Weekend Coffee: International Women’s Day Edition

Yesterday was International Women’s Day, so in honor of that, all the links in this week’s roundup are feminist-themed. And there’s a lot of news to cover:

• Anita Sarkheesian of Feminist Frequency has released the first in her Tropes vs Women in Video Games series, exploring the cliche of the damsel in distress. (Hilariously, a group of “men’s rights” advocates who solicited donations for a rebuttal video series appear to have taken the money and run.)

• A brutal, poignant comic-book retelling of the story of Malala Yousafzai, who survived being shot in the head by the Taliban for wanting girls to get an education.

The United States Conference of Catholic Bishops opposed the reauthorization of the Violence Against Women Act, because it mentions the existence of LGBT people.

• My wife’s review of Quiverfull: Inside The Christian Patriarchy Movement by Kathryn Joyce.

• Miri on Freethought Blogs has some unsolicited advice for guys who want to be feminists. (Also, go congratulate her for being accepted to Columbia!)

• The activist Zerlina Maxwell suggested on Fox that we should prevent rape by telling men not to rape, not by telling women to buy guns, and as if to prove the point, was promptly inundated with violent threats from the deranged.

• The Arkansas legislature passes a blatantly unconstitutional abortion ban. No surprise: if it survives court scrutiny, it will disproportionately affect poor and young women. This is just the latest in an escalating series of legal harassments and restrictions placed on women by misogynist legislators: as Amanda Marcotte writes, “Arkansas [already] has a mandatory lecture and then waiting period, restrictions on insurance coverage, parental notification laws, and a gag rule on state-funded clinics so they can’t help women find abortion providers.” But no abortion restriction is ever enough to satisfy the fetus-obsessed.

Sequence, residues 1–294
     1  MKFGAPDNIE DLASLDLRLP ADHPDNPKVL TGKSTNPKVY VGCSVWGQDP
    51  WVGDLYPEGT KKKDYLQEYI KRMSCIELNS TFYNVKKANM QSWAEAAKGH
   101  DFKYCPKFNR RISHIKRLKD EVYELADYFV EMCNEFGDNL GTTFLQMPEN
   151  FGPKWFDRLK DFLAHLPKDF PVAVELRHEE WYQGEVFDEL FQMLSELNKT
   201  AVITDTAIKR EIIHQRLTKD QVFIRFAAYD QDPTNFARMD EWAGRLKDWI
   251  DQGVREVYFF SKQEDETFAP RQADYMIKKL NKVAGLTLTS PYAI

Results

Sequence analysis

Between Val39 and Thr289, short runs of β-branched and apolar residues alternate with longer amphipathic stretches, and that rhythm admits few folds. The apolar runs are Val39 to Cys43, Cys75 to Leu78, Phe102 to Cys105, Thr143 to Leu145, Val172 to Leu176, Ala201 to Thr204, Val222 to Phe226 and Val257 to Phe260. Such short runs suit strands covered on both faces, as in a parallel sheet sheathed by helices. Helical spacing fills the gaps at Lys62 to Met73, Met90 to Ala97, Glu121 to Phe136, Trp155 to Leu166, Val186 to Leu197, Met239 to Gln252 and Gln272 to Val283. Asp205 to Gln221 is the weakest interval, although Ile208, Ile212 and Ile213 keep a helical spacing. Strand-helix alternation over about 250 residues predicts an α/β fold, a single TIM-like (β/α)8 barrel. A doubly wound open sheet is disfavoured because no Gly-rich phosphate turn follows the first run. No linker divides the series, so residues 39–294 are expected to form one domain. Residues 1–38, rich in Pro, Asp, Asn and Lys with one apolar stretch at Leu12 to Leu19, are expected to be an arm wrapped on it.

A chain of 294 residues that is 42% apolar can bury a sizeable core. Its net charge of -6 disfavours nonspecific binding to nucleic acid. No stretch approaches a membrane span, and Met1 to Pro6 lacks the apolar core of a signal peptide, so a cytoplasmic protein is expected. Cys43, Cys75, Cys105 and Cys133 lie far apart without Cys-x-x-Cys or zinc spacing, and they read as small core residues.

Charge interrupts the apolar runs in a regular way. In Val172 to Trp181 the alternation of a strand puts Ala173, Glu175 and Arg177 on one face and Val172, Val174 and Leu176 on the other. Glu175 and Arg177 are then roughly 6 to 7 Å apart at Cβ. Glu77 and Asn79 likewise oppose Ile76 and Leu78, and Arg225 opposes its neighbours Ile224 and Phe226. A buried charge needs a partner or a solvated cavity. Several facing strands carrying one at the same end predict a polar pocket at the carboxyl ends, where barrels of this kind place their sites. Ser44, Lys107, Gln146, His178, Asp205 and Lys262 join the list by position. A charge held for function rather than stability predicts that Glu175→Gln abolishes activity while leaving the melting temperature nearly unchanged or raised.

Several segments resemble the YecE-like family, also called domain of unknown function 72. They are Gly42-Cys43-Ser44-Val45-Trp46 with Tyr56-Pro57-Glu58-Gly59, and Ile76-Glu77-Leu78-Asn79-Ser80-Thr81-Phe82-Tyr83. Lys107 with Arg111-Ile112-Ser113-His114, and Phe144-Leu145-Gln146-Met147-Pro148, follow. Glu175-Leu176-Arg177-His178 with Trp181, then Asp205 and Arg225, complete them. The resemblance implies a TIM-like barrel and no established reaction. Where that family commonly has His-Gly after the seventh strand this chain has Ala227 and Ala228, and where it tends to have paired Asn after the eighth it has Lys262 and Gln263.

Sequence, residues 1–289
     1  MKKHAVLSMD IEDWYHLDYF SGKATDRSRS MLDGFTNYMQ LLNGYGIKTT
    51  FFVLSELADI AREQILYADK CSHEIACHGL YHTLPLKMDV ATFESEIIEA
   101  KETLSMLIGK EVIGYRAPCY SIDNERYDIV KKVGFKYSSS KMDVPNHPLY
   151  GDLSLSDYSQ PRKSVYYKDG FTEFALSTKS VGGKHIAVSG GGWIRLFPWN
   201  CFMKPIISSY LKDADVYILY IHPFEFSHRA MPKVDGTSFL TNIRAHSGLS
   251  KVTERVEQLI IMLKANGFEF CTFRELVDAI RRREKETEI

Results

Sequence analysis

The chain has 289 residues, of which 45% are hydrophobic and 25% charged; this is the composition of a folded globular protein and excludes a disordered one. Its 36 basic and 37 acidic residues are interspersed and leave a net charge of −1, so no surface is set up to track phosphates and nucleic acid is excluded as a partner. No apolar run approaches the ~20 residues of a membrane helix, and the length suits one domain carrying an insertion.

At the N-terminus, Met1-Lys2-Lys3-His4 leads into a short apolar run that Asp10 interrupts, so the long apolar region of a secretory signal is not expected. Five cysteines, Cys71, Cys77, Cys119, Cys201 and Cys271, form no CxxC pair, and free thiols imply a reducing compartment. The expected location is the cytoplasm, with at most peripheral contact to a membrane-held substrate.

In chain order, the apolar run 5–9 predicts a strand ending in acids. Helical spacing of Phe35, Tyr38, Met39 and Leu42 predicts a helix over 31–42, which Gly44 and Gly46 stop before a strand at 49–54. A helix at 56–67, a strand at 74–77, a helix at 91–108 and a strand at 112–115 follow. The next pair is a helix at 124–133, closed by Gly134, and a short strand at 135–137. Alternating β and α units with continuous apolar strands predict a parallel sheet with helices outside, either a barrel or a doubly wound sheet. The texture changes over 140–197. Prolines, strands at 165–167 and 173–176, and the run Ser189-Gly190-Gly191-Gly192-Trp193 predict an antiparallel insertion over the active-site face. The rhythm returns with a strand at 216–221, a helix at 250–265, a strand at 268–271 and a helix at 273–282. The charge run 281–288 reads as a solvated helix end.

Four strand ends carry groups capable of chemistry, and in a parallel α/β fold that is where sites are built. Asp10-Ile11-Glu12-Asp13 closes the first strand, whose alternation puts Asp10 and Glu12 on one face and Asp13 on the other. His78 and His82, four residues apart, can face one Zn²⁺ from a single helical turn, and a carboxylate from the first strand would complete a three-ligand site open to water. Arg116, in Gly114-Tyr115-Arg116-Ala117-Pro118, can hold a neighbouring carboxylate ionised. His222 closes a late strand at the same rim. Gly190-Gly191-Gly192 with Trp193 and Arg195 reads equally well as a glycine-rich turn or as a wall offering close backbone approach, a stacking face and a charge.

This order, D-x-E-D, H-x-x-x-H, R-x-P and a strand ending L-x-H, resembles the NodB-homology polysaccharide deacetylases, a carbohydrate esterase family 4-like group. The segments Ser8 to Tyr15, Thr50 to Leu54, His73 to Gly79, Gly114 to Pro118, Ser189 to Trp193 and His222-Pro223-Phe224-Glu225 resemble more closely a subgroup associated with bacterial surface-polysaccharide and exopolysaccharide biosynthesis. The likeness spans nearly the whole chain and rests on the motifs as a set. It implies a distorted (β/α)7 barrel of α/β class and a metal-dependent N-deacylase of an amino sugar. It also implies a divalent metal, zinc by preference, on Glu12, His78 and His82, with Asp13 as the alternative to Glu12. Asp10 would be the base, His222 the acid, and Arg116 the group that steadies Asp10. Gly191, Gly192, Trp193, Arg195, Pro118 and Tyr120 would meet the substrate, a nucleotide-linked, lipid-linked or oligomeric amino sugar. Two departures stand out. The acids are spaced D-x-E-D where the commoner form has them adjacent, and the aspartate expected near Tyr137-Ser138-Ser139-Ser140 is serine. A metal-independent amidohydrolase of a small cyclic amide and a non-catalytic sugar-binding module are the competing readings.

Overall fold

Image credit: NARAL Pro-Choice America

About Adam Lee

Adam Lee is an atheist writer and speaker living in New York City. His new novel, Broken Ring, is available in paperback and e-book. Read his full bio, or follow him on Twitter.

  • Bdole

    Malala Yousafzai is a brave young girl who completely misses the fucking point(emphasis mine):

    She said: “Today you can see that I am alive. I can speak, I can see you, I can see everyone and I am getting better day by day. It’s just because of the prayers of people. Because all people – men, women, children – all of them have prayed for me.
    “And because of all these prayers, God has given me this new life, a second life. And I want to serve. I want to serve the people. I want every girl, every child, to be educated. For that reason, we have organised the Malala Fund.”

    http://www.guardian.co.uk/world/2013/feb/08/malala-yousufzai-discharged-hospital

    She’s alive because of modern medical science, not superstitious appeals to a the very same god worshipped by her attackers, the same people who want to prevent her and her entire gender from getting an education! This kind of shit drives me up a wall. How can someone utterly fail to diagnose the underlying cause of the disparity between the culture of the doctors who restored her and the culture of the fundamentalists who shot her?

  • Adam Lee

    I agree, it’s exasperating. But for all her courage, Malala Yousafzai is still young, and older and wiser people than her have similarly failed to draw that connection. I can’t judge her too harshly for it. Or if you want to be Machiavellian, you could speculate that even if she did draw it, she’d also have to know that openly rejecting Islam would be a sure way to get her society to declare her and everything she stood for to be anathema. Sometimes progress has to come in small steps.

  • Bdole

    “Or if you want to be Machiavellian”
    I’m not sure I’m capable of being otherwise.
    The thing is she could’ve at least THANKED the DOCTORS who saved her life along with god. No harm in that. That’s what really got to me. All for god, and nothing for science or the generous people who actually helped her. I know she’s a kid and at least she’s heading in the right direction. Maybe, once she’s got that education she’s after, she’ll make the connection. In fact, I expect that she will.


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